Motion to strike out part of answer referring to what Mrs. Parsons said; motion allowed.
Motion to exclude all of the testimony of this witness by counsel for defendants; motion overruled; to which ruling of the Court defendants by their counsel then and there duly excepted.
By Mr. Foster.
Q You were there as a reporter, I suppose?
Q You reported that correctly in the Inter Ocean at the time?
A I endeavored to report things correctly.
Q They were published as you reported them?
A Almost all of them.
Mr. GRINNELL: I want to ask this witness a specific question. I want to know if you reported the meeting of the 25th day of April, 1886, or if you were at the Lake Front meeting of the 25th day of April, 1886?
A No, sir, I was not.
Mr. FOSTER (Q) At the time of this Board of Trade meeting Spies proposed to blow it up, did he?
A That was his avowed intention.
Q Now, then, why didn't you tell us about it on the direct examination. You said he said the thing ought to be be blown up.
A If you will give me about five minutes to explain
in my own way I will tell you.
Q We don't want you to make a speech; he did not say that they were going to blow it up that night.
A He said they intended to blow it up that night.
Q You did not state, did you, before, that he intended to blow it up that night?
A You did not give me an opportunity.
Q Didn't he say this, "We want to go out and make such a demonstration that it will strike terror to the hearts of capitalists".
Q He said that?
Q Then they marched down there to blow the thing up?
A Another man standing by---
Q You haven't been asked that.
A Spies'response was "That is the thing, that is what we will do".
Q Who is the man?
A Another man standing by said "Yes, and we will blow the whole building to hell", and Spies said, "Yes, that is the thing".
Q And then they went down to blow it up?
Q Did they blow it up?
A They attempted to blow it up.
Q I believe some of you reporters headed the procession; were you one of them?
A I was there shortly after.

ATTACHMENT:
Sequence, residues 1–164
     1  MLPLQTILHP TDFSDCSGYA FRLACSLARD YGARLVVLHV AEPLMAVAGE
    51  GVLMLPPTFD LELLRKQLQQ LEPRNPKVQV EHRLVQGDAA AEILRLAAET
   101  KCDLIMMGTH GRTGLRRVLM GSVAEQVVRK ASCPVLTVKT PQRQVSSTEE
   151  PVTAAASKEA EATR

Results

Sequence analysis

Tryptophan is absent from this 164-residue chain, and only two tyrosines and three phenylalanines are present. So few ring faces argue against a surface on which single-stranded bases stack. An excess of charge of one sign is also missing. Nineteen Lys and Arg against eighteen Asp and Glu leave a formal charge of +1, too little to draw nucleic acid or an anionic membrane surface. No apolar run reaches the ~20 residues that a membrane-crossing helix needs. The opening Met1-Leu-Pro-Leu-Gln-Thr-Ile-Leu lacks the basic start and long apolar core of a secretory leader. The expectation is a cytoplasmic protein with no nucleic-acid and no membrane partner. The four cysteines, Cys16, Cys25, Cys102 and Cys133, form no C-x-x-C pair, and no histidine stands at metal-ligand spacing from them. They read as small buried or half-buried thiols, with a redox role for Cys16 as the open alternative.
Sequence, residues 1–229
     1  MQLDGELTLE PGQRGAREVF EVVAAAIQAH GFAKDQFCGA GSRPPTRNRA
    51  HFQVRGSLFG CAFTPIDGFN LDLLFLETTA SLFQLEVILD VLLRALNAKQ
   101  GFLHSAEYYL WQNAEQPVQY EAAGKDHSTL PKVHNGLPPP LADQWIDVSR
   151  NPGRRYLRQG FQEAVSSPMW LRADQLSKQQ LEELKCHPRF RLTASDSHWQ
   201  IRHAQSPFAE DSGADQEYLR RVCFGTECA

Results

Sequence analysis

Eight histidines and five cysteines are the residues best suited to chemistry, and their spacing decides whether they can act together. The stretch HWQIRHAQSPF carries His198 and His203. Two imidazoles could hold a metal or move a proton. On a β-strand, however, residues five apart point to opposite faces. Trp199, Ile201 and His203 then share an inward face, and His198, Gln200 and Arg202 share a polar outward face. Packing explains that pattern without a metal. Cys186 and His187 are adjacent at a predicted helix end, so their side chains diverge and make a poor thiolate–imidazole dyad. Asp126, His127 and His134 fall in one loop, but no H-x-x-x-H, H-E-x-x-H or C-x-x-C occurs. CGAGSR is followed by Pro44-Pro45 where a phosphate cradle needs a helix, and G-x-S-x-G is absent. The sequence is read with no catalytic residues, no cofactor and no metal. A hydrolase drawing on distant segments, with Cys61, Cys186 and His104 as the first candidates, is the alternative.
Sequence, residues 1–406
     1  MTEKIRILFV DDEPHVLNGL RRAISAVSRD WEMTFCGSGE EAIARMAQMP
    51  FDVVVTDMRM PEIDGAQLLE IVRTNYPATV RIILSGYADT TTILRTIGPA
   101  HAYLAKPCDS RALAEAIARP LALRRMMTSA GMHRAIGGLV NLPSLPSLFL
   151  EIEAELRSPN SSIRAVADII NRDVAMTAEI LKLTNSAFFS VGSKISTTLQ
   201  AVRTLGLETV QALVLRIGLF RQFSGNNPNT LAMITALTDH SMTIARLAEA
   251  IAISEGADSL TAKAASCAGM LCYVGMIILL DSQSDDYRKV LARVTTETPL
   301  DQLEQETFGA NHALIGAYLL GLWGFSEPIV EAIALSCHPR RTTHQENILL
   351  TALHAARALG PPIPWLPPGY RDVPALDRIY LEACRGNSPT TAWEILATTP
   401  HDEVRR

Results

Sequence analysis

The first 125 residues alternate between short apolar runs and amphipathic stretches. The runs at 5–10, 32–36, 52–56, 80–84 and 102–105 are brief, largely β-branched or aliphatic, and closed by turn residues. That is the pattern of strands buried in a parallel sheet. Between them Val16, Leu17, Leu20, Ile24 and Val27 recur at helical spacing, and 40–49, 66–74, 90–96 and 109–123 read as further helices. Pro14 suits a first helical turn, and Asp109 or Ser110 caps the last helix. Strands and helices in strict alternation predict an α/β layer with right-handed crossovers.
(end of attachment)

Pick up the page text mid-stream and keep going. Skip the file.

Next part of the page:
Q Were you at the head of the procession?
A No, sir
Q The Board of Trade was not blown up that night?
A No, thanks to the police it was not.
Q Did you see any bombs that night?
A No, sir.
Q Did you see anything that looked like dynamite that night?
A I did not see the dynamite.
Q It has not been blown up yet, has it?
A No, sir.
Q How long ago was that?
A I don't recall the exact date.
Q But they wanted a large crowd?
Q They said they wanted a large crowd, didn't they?
Q Enough to create an impression on the minds of those fellows?
Q And then afterwards you went around to hear those speeches out of a window, didn't you?
Q But you didn't hear any of these men speak?
A They were gathered on the sidewalk when I got there. I got to, the Arbeiter Zeitung office after the general meeting was over.
Q So you didn't hear the speeches?
A I did not hear the speeches; there were two or three reporters assigned that night to work.
Q I only want to know what you know about it. You did not hear Mr. Spies make a speech that night.
A Not the night before the bomb was thrown.
Q No, the night of the inauguration of the Board of Trade building?
A I didn't hear him make a speech, but I heard him advocate those principles.
Q Did you hear him make a speech?
A No, sir.
Q Did you hear Fielden make a speech?
A No, not that night.
Q Did you hear Parsons?
A Not that night.
Q So then the speeches that you heard them make were made on Sunday afternoons?
Q How long ago was the first one that you heard them make?